In 2013 my wife and I had plans to return to Vermont from our home in Rwanda so she could give birth to our first child. As a human rights researcher and investigator, I had one more trip to conduct in the Central African Republic. The country was reeling from a coup, rebels had just taken the capital, Bangui, and I was part of a team documenting war crimes that were continuing in the countryside. As I walked amidst the ruins of the courthouse destroyed by rebel fighters, an old teacher friend, Jean-Daniel, explained, “They wanted to break everything they could, they don’t want to build, they just want to destroy.”
The rebel coalition that took over the Central African Republic were called the Seleka, and almost eight years on, it is still hard to know what they were for. What is much easier is to define them based on what they were against: basic human rights, stability, development and religious tolerance. They ruled by fiat, destroying at will, and it took a UN peacekeeping force (who are still on the ground) to bring a modicum of stability to the capital.
We had set out from the capital with an aim to document serious crimes: the deliberate killing of civilians and cases of rape used as a weapon of war. But we did not expect such levels of destruction. In town after town, we saw the Seleka dismantling the image of the Central African state: buildings were ransacked, documents were burned. In Kaga Bandoro I watched as Seleka fighters stormed the town hall, pulling the building apart. The town court was ransacked by troops. The primary school was pillaged. The Seleka fighters occasionally approached and yelled in mixed French and Sango, “This is our country! We are in charge here!”
I could have never imagined my time in the Central African Republic could have prepared me for seeing the same hatred and destruction in our own country. Like many Charlotters, I watched in dismay last week as a mob, incited and encouraged by our president, attacked the Capitol. I stared in disbelief as the news commentators talked of casualties, congresspeople in hiding, and offices occupied. But I also had reference points from a profession that does not seem so distant anymore.
The mob that attacked the Capitol pulled pages straight from an autocratic playbook: make those who refuse to bend do so and enforce your will. They employed tactics of warlords, authoritarians and dictators. They had as much disregard for democratic institutions as they do for the democratic process. They are only a few steps removed from the Seleka’s foot soldiers, two of whose leaders go on trial next month at the International Criminal Court.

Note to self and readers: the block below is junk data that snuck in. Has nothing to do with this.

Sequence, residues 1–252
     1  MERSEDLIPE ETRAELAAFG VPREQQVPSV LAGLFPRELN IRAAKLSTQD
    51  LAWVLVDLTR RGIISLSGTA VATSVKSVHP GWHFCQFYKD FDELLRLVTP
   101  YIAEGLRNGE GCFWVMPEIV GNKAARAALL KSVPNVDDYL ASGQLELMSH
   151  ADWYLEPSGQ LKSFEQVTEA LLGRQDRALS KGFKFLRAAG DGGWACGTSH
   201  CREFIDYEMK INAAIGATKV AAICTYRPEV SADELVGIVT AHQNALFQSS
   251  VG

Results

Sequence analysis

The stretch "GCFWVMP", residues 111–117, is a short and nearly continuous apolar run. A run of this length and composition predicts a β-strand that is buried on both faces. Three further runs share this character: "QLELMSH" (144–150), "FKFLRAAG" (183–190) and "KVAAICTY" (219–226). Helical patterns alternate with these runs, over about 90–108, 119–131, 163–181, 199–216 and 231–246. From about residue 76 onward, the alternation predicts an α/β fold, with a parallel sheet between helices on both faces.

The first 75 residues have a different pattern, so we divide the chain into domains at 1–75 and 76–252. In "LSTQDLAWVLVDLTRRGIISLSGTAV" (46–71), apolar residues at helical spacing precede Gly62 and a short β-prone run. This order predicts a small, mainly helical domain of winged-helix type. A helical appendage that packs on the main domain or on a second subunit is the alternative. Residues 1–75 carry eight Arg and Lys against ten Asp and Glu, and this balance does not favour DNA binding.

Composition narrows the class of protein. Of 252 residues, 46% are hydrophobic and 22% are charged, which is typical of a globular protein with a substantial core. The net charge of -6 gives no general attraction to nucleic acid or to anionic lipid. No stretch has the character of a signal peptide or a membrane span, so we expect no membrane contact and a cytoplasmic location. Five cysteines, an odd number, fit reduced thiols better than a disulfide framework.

As I watch the mob at the Capitol scream, “This is our house, let’s take it back,” I felt a pit in my stomach. For those of us who have witnessed or lived through societal breakdowns, days like January 6 are a warning. Central African Republic is one example where I watched firsthand how norms are cast aside, one by one, and red lines are crossed. First a rebel smashed a window at the town hall in Kaga Bandoro. Facing no recrimination, he broke down a door. Moments later, he entered and started to tear the building apart. I saw the same action at play in Washington. For those heady moments, when the pro-Trump mob in Washington thought they had achieved a victory, they tried to break down our society.
For many of us in Charlotte, that the horror of events last week in Washington seems far off. In the aftermath of the mob’s wrath my wife and I had homeschooling to deal with. The kids made a desperate plea to go sledding as last Wednesday wrapped up, and we relented. Most of us continue to strive to be good Vermonters amid COVID, which means to mask up, social distance, be considerate about going out and wait patiently for a vaccine. The pandemic continues to define our life. But let us not get complacent about what we saw last week. Strong-men and their foot soldiers thrive in an atmosphere of terror. And the one thing they fear, above all else, is accountability.
We must demand that our state-wide representatives continue to call for all those who planned and incited this riot to be held accountable. If some of those Vermonters who floated state regulations by cramming themselves into a bus to drive down to the melee are found to have participated, they must face consequences too.
Back in Central African Republic in 2013, as my friend and I left the courthouse, now occupied by Seleka troops, we were stopped at a rebel roadblock. A young fighter with an AK-47 slung over his shoulder demanded money and cigarettes. He waved the gun in our faces and insisted that we pay because this was “his town” and “he was in charge.” He only let us pass when he recognized my friend as his former teacher. Jean-Daniel explained: “I was teaching him six months ago. Now he drives around on a stolen motorcycle and lives off the money he extorts at this roadblock.” I asked how it could be possible, that someone could so quickly resort to banditry. “He started to believe his own rhetoric,” my friend said. “He really believes this country was for him and his cohorts alone. And nobody stood up to him.”
Lewis Mudge is the Central Africa Director at Human Rights Watch. He lives on Greenbush Road.